Originally Posted by hoopsrgreat
I would bypss the receiver and see what happens. Run HDMI directly from several different input sources directly into your display device and see what happens. I have NEVER heard of something like this and assuming you have an issue with the receiver. If your picure has no issues when running directly from your DVR to your TV, then you know you have something going on with settings or a problem with the receiver itself.
This is actually extremely common and usually involves a problem with HDMI cabling and signal timing. My SC-77 was very sensitive to this. Things that screw up signal timing in HDMI/HDCP:
1) It can be as simple as your HDMI plugs are not properly seated in the jacks.
2) Too many connectors! The optimal HDMI connection has two and only two connectors - one at the input and one at the output - with one stretch of cable between them. Signal wire fan-out or fan-in, which is done for every connector in the path, alters timing in subtle ways. HDMI/HDCP timing is SO sensitive that these very small variations can mess things up. In practice this means that the following items should be avoided wherever possible (yes, sometimes they cannot): L-Adapters, coupling connectors, F-M extension cables, wall jacks.
3) Long cables. HDMI/HDCP timing is so tight that the longer a cable gets, the more likely that you will have problems.
4) Out-of-spec cables. Cables certified for HDMI 1.2 may or may not work in your rig for HDMI 1.3.
That does not mean that any of these items guarantee problems - but they do make them more likely. Combine them and problems become MUCH more likely.
Anecdote: I have a 30' run from AVR output to TV (wall mounted). When I first put it in, it went output to wall jack (6' cable), wall jack to wall jack (20' cable), wall jack to L adapter (3' cable), and the L-adapter to TV input. Yeah - the wall jacks looked really pretty and professional when they were not being used. This is not all that uncommon a configuration. It worked intermittently and failed intermittently. On a tip here, I tested a new cable (same manufacturer and model other than the length) that was long enough (30') to fish through the wall and come out an opening in each of the wall plates at both ends (rather than using the jacks and then using 2 more cables). The cable was about 10' longer than the "in-wall" cable had been and the overall run length was 1' longer. I still needed the L adapter on the TV end, but I went to 3 connectors/adapters/couplers from - count them - 9. All the blank screen and audio dropout issues disappeared.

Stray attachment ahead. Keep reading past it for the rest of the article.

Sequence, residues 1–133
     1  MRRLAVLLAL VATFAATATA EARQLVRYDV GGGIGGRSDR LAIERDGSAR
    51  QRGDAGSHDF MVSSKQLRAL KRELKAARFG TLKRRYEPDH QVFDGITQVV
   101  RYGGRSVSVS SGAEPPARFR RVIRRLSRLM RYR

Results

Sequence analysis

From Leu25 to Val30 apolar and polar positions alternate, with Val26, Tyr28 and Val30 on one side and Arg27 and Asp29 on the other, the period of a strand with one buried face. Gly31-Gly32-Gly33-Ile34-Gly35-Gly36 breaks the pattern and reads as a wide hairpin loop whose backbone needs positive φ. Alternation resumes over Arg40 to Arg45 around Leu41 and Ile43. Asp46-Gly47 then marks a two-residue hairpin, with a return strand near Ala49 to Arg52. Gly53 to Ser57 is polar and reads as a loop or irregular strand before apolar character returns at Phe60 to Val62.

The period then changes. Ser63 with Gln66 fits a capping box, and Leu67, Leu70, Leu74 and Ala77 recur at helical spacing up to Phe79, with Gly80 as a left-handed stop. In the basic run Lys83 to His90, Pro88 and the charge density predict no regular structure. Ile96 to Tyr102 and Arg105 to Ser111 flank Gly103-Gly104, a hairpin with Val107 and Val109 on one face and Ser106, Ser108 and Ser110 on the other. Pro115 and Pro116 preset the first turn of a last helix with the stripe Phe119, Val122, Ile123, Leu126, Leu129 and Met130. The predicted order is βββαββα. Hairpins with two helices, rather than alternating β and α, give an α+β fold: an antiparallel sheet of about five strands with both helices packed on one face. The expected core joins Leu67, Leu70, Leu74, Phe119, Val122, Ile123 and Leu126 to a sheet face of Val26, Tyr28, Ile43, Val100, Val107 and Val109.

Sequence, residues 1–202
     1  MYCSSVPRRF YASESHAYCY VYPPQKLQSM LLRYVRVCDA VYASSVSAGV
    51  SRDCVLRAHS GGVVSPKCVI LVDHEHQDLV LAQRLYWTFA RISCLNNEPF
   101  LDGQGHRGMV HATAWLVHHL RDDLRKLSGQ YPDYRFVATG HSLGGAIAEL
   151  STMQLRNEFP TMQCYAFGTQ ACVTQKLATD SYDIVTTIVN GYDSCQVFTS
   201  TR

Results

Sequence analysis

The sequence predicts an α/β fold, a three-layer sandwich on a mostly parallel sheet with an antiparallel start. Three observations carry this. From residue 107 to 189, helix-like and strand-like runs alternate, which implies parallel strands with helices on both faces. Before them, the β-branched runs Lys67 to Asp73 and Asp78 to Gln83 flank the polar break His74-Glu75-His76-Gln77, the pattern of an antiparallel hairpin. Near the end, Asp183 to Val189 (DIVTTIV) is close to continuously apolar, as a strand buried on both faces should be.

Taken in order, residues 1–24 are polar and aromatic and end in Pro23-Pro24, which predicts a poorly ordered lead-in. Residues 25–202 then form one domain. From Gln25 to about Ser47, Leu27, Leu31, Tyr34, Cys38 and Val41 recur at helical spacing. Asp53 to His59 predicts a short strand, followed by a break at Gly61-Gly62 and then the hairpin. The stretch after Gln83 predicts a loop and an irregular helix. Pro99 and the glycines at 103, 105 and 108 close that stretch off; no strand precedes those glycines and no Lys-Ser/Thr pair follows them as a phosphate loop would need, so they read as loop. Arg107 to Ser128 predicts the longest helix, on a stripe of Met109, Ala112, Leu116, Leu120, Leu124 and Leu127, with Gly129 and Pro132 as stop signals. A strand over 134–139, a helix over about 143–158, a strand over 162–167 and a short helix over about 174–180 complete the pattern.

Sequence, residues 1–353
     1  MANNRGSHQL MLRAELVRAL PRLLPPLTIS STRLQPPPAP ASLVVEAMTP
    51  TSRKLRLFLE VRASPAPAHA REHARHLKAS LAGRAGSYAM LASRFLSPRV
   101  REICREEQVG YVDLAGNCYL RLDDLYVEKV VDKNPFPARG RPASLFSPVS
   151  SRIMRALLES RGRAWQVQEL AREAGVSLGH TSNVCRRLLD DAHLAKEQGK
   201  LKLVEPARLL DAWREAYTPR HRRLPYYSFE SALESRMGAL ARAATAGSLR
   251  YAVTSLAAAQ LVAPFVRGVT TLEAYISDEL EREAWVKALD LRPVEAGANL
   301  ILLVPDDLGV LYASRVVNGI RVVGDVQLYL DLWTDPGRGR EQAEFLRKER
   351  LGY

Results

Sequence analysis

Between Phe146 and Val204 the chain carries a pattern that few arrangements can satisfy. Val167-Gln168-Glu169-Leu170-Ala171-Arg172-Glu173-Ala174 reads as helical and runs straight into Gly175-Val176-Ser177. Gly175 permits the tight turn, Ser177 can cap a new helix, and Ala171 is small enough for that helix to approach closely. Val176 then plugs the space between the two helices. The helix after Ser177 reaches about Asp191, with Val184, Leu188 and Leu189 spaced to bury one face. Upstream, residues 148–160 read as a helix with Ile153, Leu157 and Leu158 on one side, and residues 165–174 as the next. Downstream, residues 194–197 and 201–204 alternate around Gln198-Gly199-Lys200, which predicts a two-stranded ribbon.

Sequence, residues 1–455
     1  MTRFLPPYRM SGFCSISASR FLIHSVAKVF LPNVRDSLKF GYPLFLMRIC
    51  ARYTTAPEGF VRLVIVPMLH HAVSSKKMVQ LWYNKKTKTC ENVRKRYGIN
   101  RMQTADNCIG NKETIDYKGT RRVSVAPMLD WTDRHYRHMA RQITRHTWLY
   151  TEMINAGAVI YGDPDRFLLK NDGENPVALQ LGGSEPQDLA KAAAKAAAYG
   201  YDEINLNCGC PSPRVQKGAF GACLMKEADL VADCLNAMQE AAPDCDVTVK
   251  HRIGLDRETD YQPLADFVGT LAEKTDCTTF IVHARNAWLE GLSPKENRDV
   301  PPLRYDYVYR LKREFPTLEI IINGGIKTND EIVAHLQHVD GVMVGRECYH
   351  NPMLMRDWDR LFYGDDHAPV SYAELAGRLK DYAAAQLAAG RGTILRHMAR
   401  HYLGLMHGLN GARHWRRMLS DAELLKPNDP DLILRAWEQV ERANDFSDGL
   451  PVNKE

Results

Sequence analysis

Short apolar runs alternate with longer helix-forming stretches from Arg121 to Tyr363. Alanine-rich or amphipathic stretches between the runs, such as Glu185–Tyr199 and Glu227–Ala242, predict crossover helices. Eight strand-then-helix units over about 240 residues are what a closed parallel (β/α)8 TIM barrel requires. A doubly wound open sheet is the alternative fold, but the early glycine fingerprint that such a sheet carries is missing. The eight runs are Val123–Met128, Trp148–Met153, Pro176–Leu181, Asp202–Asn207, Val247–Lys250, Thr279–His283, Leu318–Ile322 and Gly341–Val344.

We have had people here who had 1.5' HDMI cables that just did not work, so they went to 6' cables for the same connection and everything worked great from then on. The HDCP timing on the chipsets in their equipment was just too sensitive and could not adjust to the short cable length. Yes - you read that right - the cable was too SHORT. High quality, spec-certified, 6' - 12' cables seem to be some kind of optimum. That does not mean that longer or shorter cables won't work. Again, it is all about risk. These other cables will work fine in some rigs (I have a 30' cable and things are fine) and may not in others.
If I wanted to do it over again (which I don't) I would go get a 30' cable with Redmere compensation technology. The Redmere stuff seems to be pretty solid for long cable runs, since it is an active cable that has circuitry/design that compensates for its own length. Basically, every Redmere cable out there, no matter its length, LOOKS like a normal 6'-12' cable as far as the connected equipment can tell. I helped a buddy run a 50' Redmere cable from his PC to his bonus room AVR and it works like a champ. Again though - we also bypassed anything resembling a wall jack ;-)